Toronto Maple Leafs: How James Reimer Injury Impacts Goaltending Plans in 2013
Toronto Maple Leafs fans covered their eyes in horror on Monday night when they watched starting goaltender James Reimer suffer an injury (video below) against the Philadelphia Flyers that forced him to leave the game and not return.
UPDATE: Tuesday, February 12 at 3:13 p.m. ET by Nicholas Goss
The Leafs have confirmed that Reimer has a knee injury:
Injury update: James Reimer sustained a mild (MCL) knee strain & is expected to be out for a minimum of one week #Leafs— Toronto Maple Leafs (@MapleLeafs) February 12, 2013
---End of Update---
Reimer battled whiplash and a concussion last year after a strong start to the 2011-12 season, and fans at the Air Canada Centre feared a repeat scenario was beginning to unfold on Monday.
Luckily for the Leafs, their goaltending plans for 2013 shouldn't change too much because the 24-year-old goaltender isn't expected to be out of the team's lineup for too long.
"Reimer's got a lower-body injury and we don't think it's that serious at this point. Shouldn't miss an extended period of time," said Leafs head coach Randy Carlyle (via NHL.com) after his team's 5-2 victory over the Flyers.
TSN's Darren Dreger has the latest injury report on Reimer from Tuesday.
Still no official word on extent of Reimer injury. Leafs believe it isn't serious. Expected to have MRI and further testing today.— Darren Dreger (@DarrenDreger) February 12, 2013
The initial news on Reimer's injury is encouraging, which is good for the Leafs, because he has been solid this season with a 6-3 record, a .929 save percentage and a 2.31 GAA.
Losing him for a large portion of the season would be a huge blow to the team's chances of ending its seven-year playoff drought. Reimer is finally showing why he can be a productive No. 1 goaltender for the Leafs now, and well into the future.
After the latest collective bargaining agreement (CBA) was finalized, and teams that signed players to long-term, back-diving deals that essentially circumvented the salary cap during the previous agreement weren't going to be harshly punished, the Leafs chances of acquiring Luongo lessened.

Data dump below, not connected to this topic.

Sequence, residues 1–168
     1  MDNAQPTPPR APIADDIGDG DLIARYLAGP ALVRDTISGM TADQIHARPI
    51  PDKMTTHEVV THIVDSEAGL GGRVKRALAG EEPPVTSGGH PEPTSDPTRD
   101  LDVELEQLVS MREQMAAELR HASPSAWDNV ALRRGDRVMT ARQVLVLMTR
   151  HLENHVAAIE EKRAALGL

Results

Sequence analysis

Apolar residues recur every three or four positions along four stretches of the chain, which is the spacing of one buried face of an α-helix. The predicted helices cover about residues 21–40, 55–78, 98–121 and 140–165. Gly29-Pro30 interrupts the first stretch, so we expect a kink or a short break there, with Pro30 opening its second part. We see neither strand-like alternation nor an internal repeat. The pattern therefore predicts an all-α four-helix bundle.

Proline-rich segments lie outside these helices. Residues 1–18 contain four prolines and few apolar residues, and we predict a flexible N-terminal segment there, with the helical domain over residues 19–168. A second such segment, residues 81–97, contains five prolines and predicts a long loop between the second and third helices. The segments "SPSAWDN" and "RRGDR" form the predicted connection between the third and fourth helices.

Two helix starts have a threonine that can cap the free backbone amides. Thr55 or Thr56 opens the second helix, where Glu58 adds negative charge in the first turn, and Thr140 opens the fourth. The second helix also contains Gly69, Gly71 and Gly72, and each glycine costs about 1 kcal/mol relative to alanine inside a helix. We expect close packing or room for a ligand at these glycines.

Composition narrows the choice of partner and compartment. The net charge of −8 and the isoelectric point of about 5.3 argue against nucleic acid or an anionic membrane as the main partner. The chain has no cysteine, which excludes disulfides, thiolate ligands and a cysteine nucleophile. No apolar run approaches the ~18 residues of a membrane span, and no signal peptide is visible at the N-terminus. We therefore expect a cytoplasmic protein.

Going into the season with Reimer as the No. 1 goalie and Ben Scrivens in the backup role was the best move that new general manager Dave Nonis could have made, and thus far, it has proven to be the right decision.
Scrivens replaced Reimer in Monday's matchup with the Flyers and stopped 32 of the 33 shots he faced in 36 minutes of play.
He will be the starter with Reimer injured, and the Leafs are fully capable of winning games with the 26-year-old between the pipes. Coming into a game cold against a desperate Flyers team and shutting the door for nearly two periods is impressive, but he has to be more consistent if Toronto is going to continue its ascent up the Eastern Conference standings.
Nonis does not have to explore the trade market for a veteran goaltender as long as Reimer isn't going to miss a large portion of the season.
The Leafs are on a season-high four-game winning streak and should not change any of their tactics at either end of the ice or the lines that are producing. Toronto is blocking shots, winning puck battles along the boards in the defensive zone and eliminating second and third chance opportunities in front of Reimer and Scrivens.
If Carlyle's team continues to defend well, they will win games consistently, regardless who's starting in goal. For the first time in a few years, the Leafs are a tough team to play against because of the physicality and confidence they bring to the ice each game.
The only goalie move that should be made is to recall Jussi Rynnas from the Toronto Marlies to back up Scrivens while Reimer is unable to play. Rynnas has been inconsistent in the AHL this season with an 8-7-1 record, but he probably won't start any games for the Leafs unless Scrivens also suffers an injury or plays terribly and is pulled from net.
Unless Reimer is going to miss a lot of games with this lower-body injury, the Leafs should address the need for a backup at the NHL level from within the organization, and maybe sign a veteran for the Marlies if Rynnas is called up.
The Leafs don't need to trade for Luongo or sign a veteran like Dwayne Roloson. The Reimer/Scrivens duo is strong enough to help Toronto make the playoffs this season.
Nicholas Goss is an NHL Lead Writer at Bleacher Report. Follow him on Twitter.
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